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The Open Schooling Method in the Pandemic Context

By December 2021No Comments

Contradiction or Opportunity? 

by Aileen Fahrländer and Prof. Dr. Katja Maaß 

I'll never need that again!", "What's the point?" or "What does that have to do with me?"

These kind of questions are probably (still) familiar to many STEM teachers.  

The International Centre for STEM Education (ICSE) at the Freiburg University of Education is an internationally networked center with the goal of reorienting STEM education in Europe. The aim is to provide all students with a basic mathematical and scientific education and to improve their performance in STEM subjects in order to promote their affinity for careers in the STEM fiel. The methodical focus is on authentic learning contexts with real-life and professional connections, interdisciplinary networking and research-based learning, taking into account diversity and gender aspects. The work of ICSE is project-oriented with a special thematic focus, such as sustainability in the EU project MOST (Meaningful open schooling connects schools to communities). 

Methodical and personal opening 

The methodical approach of MOST is Open Schooling, i.e. the idea that schools work together with other actors on topics relevant to society as a whole. Families are actively involved in school life and school activities, and experts from companies and interested citizens participate in the implementation of real projects within the school (see also Grau et al. 2020). 

International opening 

For this purpose, innovative and creative projects between students and teachers and non-school actors are to be initiated on an international level around the topic of sustainability. 

The challenges of initiating such a project during a global pandemic are considerable for all involved: contact restrictions, ever new requirements, distance and alternating teaching – without denying their necessity and sense – require teachers to be highly present and flexible in dealing with these uncertainties. The implementation of new educational measures and projects at the present time still, and possibly more than ever, confronts us with questions about meaning, purpose, added value and effort. The mental transfer from “despite the pandemic” to “precisely because of the pandemic” can possibly contribute to a change of perspective. An increasingly complex and technological reality of life, global social and economic challenges is precisely where education in the 21st century must start. By teaching 21st century skills, students are given the opportunity to become capable members of our society.  

Opening for scientific working 

As a logical consequence, the open schooling approach therefore also focuses on a new component of science learning. Grau et al. speak in this regard of an “Open Schooling approach, in which science learning processes are strongly linked to the students’ participation in real-life science challenges in society and in real research and in innovation circles.” (Grau et al. 2020, p.5). 

Didactical considerations 

From a didactic point of view, the MOST project also stands out from other exciting projects in the field of sustainability due to its multi-perspective, interdisciplinary and cooperative approach. The participation of different actors in the project offers the opportunity to open up the school system, a system that is often isolated, especially in times of the pandemic, and to link it to other areas of life for students. This way, everyday and professional references can be shown. Since schools were or are partially closed to outsiders at present, creative (partly digital or outdoor) solutions must be found for the exchange between students and other actors involved. The dissolution of roles and hierarchies is possible and desirable within the protected framework: teachers, students, citizens and experts work together on a participatory and equal basis – from the identification of topics to the dissemination of the project’s recommendations for action. Different perspectives and interests do not represent a hurdle, but rather promote a critical exchange, which in turn develops and strengthens the communication, argumentation and organizational skills of the students as well as networked thinking. The focus should always be on a topic that is relevant and topical for society as a whole and that sensitizes the participants to their environment and future.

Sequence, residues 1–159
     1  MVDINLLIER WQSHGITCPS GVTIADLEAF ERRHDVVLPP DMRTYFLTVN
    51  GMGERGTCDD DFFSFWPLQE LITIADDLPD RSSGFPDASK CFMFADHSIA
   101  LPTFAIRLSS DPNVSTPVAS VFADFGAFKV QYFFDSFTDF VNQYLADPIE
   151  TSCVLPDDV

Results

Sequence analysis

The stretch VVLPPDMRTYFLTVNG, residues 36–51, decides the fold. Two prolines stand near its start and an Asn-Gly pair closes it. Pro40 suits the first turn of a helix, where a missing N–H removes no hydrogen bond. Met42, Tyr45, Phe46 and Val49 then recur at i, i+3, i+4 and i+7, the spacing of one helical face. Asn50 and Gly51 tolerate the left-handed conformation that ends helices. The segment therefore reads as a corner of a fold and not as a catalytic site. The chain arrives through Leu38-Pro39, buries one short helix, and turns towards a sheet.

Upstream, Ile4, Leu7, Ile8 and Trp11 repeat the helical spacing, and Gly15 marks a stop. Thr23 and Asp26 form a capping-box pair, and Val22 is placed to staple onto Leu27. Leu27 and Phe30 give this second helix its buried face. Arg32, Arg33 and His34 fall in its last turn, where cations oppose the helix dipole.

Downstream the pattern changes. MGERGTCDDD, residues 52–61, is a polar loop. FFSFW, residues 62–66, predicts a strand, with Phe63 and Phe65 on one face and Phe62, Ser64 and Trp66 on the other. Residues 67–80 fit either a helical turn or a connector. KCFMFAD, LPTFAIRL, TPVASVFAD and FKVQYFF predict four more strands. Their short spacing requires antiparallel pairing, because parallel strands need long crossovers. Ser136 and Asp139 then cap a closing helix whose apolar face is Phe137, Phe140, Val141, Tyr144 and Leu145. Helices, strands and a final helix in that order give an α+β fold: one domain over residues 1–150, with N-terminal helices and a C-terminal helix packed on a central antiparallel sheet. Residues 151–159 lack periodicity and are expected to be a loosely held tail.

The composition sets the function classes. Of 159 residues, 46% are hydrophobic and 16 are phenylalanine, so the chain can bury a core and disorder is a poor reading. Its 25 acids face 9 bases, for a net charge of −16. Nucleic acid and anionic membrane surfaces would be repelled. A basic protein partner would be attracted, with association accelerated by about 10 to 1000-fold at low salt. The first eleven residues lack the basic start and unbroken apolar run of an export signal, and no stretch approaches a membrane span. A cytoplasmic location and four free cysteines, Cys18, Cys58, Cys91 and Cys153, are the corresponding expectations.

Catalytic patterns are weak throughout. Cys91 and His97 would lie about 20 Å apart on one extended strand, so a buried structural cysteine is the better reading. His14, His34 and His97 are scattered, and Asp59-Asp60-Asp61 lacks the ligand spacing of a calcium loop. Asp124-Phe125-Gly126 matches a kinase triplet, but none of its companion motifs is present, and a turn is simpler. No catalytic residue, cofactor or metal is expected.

Opening in terms of content and subject matter 

Sustainability and environmental issues have changed in recent years and decades and are increasingly influenced by areas such as globalization, digitalization and the pandemic. These interlocking issues give rise to exciting project ideas, such as those from the field of sustainable digitalization, which, among other things, focuses on resource and energy efficiency and intelligent energy systems. 

How much paper is saved through digital communication channels? How can waste heat from data centers be used to heat offices? How can electric cars be charged in the smart grid? What is the real benefit of using solid shampoo? Or how much does a coffee-to-go cup actually cost to produce?  

Mathematical modeling, chemical and physical processes in recycling or energy generation, the importance of biodiversity – these are all curriculum-relevant topics, packaged in a concrete and, above all, socially relevant context. In this way, the word sustainability takes on a double meaning: only those who conduct research on real and authentic issues can be sustainably inspired for STEM subjects. 


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Dolors Grau, Imma Torra, Francesc Mancho, Lorena Mulero (2020): Open Science Schooling. GUIDE for Secondary Schools. Available online at, last checked Sept. 06, 2021. 

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